Sour Hour slows things down a little and is full of the sardonic humour that imbued Late Night Movies, All Night Brainstorms. The voice here is so distinctive of that debut album. The song conjures up a slumped figure at the bar, muttering sardonic, truthful adages whilst being told bullshit by the barman. It used to be you told your troubles to a barman, who nodded sagely as he dried glasses, now the barman tells you it’s happy hours and that everything is fine and dandy. A metaphor for our times. It is almost a cabaret song for a never written musical. Walk Of Shame is an upbeat rocking track with a 50s/60s construction with a very modern back beat, whilst This Kind Of Failure has a guitar sound like Stuart Adamson.

This Is How To Die is a beautifully atmospheric song which has hints of Leonard Cohen in its poetic imagery. It’s about dying when you are living, even if living exists just in those small moments, like the smell of gardenias drifting in through an open window on a sunny day. Blood Brother has clear influences of Bowie (or maybe that genius magpie stole from the Doctors). The violin swoops over the melancholic lyric, tearing you apart with each note before the boom of heavier rhythm kicks in and the guitar drags you off into the distant night sky. It’s a mix of cabaret melancholia and hard rock and downbeat tenement blocks and inner-city dystopia. It is a tale of betrayal and comradeship.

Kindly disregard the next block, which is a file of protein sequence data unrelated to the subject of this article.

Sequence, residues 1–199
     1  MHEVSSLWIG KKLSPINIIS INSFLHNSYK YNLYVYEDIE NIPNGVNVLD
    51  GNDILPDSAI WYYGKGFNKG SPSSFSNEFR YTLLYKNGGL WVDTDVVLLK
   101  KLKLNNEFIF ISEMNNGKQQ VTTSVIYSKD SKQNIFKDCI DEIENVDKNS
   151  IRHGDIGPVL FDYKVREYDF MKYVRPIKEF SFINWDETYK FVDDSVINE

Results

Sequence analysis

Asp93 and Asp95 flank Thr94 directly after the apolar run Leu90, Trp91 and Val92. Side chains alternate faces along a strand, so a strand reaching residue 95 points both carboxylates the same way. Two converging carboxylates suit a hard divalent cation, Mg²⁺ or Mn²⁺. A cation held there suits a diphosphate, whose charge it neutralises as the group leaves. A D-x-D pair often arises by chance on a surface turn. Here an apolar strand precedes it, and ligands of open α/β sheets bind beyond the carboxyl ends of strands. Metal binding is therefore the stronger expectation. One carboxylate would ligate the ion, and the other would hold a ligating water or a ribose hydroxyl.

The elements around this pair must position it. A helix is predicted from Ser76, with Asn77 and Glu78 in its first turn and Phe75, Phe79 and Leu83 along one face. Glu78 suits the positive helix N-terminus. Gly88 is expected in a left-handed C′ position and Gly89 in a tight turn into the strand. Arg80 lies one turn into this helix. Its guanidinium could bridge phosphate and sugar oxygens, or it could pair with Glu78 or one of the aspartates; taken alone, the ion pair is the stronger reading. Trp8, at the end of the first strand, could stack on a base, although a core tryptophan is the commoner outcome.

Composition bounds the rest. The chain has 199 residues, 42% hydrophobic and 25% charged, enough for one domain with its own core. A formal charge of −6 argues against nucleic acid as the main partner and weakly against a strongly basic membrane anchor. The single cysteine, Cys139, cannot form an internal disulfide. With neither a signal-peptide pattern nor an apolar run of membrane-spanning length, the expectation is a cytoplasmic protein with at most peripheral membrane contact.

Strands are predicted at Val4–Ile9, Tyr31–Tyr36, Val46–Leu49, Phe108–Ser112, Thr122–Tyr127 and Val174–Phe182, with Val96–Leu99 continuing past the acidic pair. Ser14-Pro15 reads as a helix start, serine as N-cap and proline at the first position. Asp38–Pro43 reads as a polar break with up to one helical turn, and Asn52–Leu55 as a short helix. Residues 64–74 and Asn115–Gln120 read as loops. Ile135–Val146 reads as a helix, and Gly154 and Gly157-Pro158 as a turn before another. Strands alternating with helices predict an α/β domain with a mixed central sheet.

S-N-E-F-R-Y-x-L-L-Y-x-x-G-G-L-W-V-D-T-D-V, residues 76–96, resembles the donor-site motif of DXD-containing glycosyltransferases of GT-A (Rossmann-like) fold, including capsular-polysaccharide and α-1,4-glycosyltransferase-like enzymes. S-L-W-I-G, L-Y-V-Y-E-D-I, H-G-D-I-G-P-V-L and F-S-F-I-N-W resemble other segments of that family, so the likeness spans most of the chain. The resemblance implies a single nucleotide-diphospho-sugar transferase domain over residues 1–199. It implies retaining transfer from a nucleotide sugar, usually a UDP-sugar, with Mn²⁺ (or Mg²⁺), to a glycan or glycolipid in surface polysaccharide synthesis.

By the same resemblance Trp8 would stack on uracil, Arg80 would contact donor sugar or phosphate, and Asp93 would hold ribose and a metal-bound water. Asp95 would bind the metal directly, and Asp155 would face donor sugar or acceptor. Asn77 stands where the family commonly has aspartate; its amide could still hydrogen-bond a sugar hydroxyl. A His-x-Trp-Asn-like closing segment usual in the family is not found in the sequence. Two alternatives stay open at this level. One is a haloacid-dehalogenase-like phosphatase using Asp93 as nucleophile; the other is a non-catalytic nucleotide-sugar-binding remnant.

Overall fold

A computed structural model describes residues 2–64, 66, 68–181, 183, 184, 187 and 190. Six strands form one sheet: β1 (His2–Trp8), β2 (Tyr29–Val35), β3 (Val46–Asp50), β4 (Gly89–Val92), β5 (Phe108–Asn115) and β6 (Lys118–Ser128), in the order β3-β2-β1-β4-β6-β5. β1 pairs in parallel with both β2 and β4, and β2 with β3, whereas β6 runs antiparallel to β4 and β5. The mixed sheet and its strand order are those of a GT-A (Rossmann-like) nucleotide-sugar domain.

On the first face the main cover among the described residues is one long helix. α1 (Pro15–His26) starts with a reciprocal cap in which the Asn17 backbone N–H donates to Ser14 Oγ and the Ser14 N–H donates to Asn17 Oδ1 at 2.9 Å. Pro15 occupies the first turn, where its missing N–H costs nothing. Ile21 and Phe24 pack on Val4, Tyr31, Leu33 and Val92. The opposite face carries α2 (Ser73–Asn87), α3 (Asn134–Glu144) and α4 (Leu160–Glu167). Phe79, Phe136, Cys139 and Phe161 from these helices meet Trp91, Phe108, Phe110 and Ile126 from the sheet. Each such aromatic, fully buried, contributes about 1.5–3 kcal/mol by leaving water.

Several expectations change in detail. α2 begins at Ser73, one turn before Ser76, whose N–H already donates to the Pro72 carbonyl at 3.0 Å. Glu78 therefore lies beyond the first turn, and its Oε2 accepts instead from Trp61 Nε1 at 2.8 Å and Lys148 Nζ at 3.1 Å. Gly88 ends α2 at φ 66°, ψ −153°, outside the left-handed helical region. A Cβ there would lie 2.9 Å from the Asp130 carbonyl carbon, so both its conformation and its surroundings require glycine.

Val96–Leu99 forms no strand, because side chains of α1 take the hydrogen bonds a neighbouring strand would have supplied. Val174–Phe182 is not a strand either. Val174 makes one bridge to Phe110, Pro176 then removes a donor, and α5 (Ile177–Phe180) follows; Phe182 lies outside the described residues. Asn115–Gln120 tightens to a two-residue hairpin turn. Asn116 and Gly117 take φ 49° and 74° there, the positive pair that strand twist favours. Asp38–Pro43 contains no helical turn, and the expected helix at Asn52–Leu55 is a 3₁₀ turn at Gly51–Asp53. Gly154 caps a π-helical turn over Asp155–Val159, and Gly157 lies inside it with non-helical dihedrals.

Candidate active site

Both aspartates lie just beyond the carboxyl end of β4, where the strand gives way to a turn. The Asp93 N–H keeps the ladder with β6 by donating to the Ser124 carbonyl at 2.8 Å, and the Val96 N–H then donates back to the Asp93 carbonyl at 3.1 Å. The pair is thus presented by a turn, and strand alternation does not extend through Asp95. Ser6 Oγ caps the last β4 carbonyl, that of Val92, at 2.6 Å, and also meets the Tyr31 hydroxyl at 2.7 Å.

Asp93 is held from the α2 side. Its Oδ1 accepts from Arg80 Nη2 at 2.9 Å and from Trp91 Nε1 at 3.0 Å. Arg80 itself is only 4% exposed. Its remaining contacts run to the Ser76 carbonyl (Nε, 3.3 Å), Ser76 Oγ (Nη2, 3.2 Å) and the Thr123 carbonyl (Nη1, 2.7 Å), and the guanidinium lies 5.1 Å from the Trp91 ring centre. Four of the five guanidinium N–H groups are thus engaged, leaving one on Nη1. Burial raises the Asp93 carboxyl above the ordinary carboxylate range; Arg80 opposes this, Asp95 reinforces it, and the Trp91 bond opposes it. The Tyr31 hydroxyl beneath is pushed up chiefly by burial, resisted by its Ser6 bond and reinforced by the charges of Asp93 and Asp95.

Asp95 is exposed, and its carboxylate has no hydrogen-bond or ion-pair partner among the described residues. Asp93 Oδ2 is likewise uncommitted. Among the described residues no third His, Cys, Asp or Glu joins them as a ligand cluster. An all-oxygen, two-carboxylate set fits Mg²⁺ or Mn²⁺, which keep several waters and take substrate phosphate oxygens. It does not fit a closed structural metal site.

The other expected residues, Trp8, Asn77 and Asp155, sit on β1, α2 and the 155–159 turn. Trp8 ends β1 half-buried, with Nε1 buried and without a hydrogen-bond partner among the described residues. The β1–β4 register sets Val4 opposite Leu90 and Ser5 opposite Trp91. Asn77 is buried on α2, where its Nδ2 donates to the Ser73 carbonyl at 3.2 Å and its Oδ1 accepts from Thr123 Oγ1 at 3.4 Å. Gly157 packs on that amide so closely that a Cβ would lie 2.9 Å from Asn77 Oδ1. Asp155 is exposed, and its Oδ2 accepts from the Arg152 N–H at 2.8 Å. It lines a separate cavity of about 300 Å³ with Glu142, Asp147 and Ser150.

Album closer Dark Times opens with a Blade Runner like soundtrack, conjuring up bleak city images of neon flashing in puddles of grime where the homeless drag their feet. The voice a be-bop poetry of modern horror. It’s a poetic dirge on our dark times and those who inhabit the streets. A scathing image of Britain today, depicting a zombie army in leisure wear. The keyboards are like Manzarek in killer on the road mood. Strange sings:

“Who once dreamed of Camelot and Kennedy and King and now downsize their dreams to Kanye, and Kim and endless bling. Whose mothers have lost their kids and are reduced to posting pictures of cats and cakes, and whose fathers are middle-aged losers, self-imagined ladies’ men, drunk on loneliness and disappointment, obsessed with sexting and swinging and online porn.”

It’s a grim, but wholly recognisable, vision of the hell we live in, which is covered with a veneer of prosperity and consumerism, for with the internet glamour is never far away, until we turn from the screen and see the truth, and the truth will drive you mad, not set you free. It ends with a soul singer’s voice undulating across the city, a beacon of despair, of hope…there is still spirit…

It’s a wonderful piece of work that adds to the legacy of a great band and also serves as an angry riposte to the way the world is today.

For all that ails you now, come listen to the Doctors of Madness.


You can find Doctors Of Madness on Facebook, Twitter and Instagram.

All words by Mark Ray. More writing by Mark Ray can be found at his author archive. And he can be found on Twitter, Instagram and Word Press.

Previous articleShadowax: Nikolai Reptile – EP review
Next articleSteven Wilson: Hand. Cannot. Erase. – album review
Music. Music. Music. And more music.


  1. I have this album and I can say that all is true from this review and so much more, incredible works that actually mean something in these times


Please enter your comment!
Please enter your name here